Congregation Adath Shalom in Morris Plains hopes to become the first Conservative synagogue in the nation to be certified “green” by an interfaith environmental advocacy group.
The synagogue is participating in a two-year certification program created by the New Brunswick-based Greenfaith.
Over the course of the program, houses of worship carry out initiatives to integrate environmental themes into their worship, religious education, facility maintenance, and social outreach.
Changes are already apparent at Adath Shalom: Teens involved in the USY youth group have been incorporated into they synagogue’s Green Team, Rabbi Mark Biller is giving “green” sermons, and the congregation is looking into forms of alternative energy — from installing solar panels to using occupancy sensors to save on the cost of electricity. They are signing up for more comprehensive energy audits of their building and considering purchasing environmentally friendly cleaning supplies and recycled paper goods.
Adath Shalom is also organizing an interfaith environmental “trialogue” to be held in May with a local church and mosque.
The congregation is one of four synagogues and 12 houses of worship participating in the program, launched in May 2009.
“We know a growing number of houses of worship feel they want to invest seriously in environmental leadership,” said the Rev. Fletcher Harper, an Episcopal priest and the executive director of Greenfaith. “They believe it is fundamental to their idea of themselves or as a congregation. We are providing a road map so that houses of worship can have the resources, guidance, and support they need to do it.”
Participants take part in six webinars and have access to a listserv to share ideas and questions with other participants. The cost, determined on a sliding scale, ranges from $500 to $1,500 per house of worship.
Once selected for the program, they create an action plan, a kind of blueprint for activities to be undertaken, on a specific timeline. The action plan is largely based on the results of an initial energy audit.
So far, Greenfaith has accepted all the organizations that completed the application. “It’s a self-selecting process,” said Harper. “By the time they’ve fulfilled all the requirements and paid the registration fee, they are ready to go.”
Greenfaith plans to launch an aggressive marketing campaign this spring, and hopes to attract about 100 congregations to join the program for its second year.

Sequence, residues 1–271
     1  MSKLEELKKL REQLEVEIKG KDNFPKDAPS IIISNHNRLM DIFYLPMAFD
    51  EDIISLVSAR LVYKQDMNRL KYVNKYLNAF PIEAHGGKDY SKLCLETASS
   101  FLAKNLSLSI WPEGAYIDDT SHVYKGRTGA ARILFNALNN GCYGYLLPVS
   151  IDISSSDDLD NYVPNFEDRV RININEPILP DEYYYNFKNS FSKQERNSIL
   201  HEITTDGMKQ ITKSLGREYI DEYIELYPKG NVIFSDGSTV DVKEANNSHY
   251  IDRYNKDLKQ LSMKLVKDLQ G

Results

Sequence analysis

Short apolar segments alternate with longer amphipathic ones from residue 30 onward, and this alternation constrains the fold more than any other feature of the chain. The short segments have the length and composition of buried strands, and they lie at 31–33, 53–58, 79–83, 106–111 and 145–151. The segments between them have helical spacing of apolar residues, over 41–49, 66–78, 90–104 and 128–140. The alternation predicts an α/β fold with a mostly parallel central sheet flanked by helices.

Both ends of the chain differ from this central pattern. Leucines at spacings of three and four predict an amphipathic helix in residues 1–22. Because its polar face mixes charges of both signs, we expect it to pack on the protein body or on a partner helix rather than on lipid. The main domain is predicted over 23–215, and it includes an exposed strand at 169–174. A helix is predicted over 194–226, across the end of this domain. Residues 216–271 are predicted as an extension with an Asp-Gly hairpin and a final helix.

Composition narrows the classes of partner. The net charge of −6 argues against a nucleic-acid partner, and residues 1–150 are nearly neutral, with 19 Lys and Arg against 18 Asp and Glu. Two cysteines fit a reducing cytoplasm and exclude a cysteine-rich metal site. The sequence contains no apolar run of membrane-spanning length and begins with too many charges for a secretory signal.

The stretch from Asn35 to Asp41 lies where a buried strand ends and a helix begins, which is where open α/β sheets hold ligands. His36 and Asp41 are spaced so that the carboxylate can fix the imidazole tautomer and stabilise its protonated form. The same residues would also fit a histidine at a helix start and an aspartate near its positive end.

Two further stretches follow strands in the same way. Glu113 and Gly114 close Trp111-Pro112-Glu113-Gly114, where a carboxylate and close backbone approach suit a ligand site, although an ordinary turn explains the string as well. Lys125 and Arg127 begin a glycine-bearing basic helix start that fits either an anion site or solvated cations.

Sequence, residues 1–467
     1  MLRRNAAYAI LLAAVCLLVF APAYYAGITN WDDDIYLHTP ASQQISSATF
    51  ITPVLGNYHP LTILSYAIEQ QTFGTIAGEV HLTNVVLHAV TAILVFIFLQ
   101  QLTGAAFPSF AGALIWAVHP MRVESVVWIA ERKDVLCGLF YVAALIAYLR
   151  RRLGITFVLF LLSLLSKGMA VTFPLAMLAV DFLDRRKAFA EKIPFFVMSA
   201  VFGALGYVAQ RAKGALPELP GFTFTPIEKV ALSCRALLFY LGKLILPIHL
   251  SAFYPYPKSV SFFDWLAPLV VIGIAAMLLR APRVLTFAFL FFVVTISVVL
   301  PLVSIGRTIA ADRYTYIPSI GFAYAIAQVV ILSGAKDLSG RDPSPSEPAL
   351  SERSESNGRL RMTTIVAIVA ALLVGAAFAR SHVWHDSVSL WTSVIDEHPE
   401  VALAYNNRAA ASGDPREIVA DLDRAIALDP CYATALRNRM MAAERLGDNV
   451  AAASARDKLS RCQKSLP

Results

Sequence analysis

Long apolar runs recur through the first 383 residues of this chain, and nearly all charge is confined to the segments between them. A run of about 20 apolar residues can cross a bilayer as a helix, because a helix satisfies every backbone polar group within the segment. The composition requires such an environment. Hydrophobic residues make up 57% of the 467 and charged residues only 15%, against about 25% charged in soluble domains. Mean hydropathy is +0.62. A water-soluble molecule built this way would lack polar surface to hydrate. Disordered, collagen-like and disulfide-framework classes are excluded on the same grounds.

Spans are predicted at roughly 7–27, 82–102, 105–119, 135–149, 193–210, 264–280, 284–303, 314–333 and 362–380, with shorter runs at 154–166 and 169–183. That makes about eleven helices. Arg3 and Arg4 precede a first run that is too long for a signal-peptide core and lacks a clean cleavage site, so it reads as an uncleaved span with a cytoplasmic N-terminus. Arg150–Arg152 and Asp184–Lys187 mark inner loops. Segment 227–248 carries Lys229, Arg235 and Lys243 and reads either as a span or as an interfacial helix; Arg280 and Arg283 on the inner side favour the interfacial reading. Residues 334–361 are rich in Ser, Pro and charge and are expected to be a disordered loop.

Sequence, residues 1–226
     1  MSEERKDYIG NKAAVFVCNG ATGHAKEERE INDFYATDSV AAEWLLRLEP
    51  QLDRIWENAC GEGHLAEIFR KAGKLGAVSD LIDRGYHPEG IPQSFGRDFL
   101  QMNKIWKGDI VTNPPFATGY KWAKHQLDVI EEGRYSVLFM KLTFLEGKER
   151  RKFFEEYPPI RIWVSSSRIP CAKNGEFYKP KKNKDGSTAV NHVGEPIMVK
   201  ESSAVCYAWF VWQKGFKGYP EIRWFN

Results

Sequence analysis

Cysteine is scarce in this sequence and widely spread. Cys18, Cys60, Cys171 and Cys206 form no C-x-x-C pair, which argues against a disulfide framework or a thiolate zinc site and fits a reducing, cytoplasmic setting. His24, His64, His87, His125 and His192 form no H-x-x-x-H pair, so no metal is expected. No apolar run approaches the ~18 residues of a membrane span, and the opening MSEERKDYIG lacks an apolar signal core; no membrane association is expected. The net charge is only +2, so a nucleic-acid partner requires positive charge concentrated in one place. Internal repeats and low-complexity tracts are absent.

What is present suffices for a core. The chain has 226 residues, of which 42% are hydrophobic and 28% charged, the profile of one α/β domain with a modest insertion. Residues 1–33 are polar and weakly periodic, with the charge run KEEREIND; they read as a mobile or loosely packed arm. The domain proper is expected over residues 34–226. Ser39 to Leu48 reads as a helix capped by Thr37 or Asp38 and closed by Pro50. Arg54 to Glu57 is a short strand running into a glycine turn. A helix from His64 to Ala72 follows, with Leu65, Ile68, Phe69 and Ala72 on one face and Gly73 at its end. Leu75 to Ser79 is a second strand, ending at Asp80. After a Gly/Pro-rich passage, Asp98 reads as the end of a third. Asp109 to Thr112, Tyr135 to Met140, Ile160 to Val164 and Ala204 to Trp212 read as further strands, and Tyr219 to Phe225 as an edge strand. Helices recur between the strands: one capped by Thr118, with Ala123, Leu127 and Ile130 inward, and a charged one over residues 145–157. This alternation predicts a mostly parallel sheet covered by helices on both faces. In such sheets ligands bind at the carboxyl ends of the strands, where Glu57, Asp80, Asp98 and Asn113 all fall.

Adath Shalom got involved through congregant Bill Friedman, an environmental lawyer who sits on Greenfaith’s board and on the executive board of the synagogue.
“We were only doing things on an individual, sporadic basis,” said Friedman. “The certification program brought it all together in a coordinated way and made it real. Hopefully, it’s something we’ll be known for in the future.”
The application process alone took three-four months to complete. “We had to raise money and win over some hearts and minds,” Friedman said. “Raising the initiation fee was difficult. People said, How can we afford it with this budget?”
What turned people around was not the understanding that the building would run more efficiently, but the realization that the green certification might help engage people who were difficult to reach through traditional avenues.
Once they gain certification, according to Harper, “it’s an affirmation of what will have become an important part of a congregation’s identity. We’ll publicize it; we’ll get a banner to hang. And [the certification] will be featured on our website. We hope to develop a large national group of religious support promoting high-quality leadership on the environment,” he said.
The other synagogues in the program are located in Wyckoff; Jacksonville, Fla.; and Riverdale, NY.
Mike Stepak, chair of Adath Shalom’s Green Team, said, “Genesis tells us that God placed Adam in the Garden of Eden to till it and tend it, and that’s what we plan to do with our little piece of the earth and the building that stands upon it.”